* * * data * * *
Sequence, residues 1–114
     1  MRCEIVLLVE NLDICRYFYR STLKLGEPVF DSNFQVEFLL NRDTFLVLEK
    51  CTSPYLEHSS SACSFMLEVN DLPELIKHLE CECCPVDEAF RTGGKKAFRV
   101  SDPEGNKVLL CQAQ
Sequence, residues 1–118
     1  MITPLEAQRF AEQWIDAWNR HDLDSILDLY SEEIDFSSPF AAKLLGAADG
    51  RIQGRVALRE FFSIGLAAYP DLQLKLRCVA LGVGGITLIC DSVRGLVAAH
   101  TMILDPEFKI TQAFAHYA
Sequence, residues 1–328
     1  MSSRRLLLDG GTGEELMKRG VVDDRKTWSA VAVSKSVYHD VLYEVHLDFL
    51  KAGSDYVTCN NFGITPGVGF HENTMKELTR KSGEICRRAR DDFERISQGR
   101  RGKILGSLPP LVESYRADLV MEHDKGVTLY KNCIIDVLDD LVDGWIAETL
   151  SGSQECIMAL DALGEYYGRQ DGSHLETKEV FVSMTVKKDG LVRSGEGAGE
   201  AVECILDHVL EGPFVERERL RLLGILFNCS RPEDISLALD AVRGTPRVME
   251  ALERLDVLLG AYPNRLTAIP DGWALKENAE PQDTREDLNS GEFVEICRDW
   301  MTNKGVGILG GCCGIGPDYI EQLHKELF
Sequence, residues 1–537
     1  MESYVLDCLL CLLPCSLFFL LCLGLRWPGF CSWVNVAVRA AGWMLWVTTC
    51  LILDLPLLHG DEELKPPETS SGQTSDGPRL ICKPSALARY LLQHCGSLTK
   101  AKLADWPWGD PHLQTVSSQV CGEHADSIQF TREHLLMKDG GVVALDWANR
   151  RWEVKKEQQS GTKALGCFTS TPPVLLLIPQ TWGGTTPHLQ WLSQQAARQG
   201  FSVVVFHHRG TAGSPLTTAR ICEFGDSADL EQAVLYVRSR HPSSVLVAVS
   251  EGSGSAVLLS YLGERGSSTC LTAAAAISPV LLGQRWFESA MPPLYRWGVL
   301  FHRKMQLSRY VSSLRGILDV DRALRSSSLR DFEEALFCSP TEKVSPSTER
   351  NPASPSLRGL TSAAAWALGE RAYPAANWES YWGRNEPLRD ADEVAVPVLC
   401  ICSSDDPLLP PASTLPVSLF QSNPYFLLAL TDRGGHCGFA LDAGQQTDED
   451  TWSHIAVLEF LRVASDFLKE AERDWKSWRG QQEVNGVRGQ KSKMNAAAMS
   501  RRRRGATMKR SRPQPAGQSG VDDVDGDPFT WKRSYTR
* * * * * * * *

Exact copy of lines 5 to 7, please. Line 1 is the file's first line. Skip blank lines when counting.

Sequence, residues 1–118
     1  MITPLEAQRF AEQWIDAWNR HDLDSILDLY SEEIDFSSPF AAKLLGAADG
    51  RIQGRVALRE FFSIGLAAYP DLQLKLRCVA LGVGGITLIC DSVRGLVAAH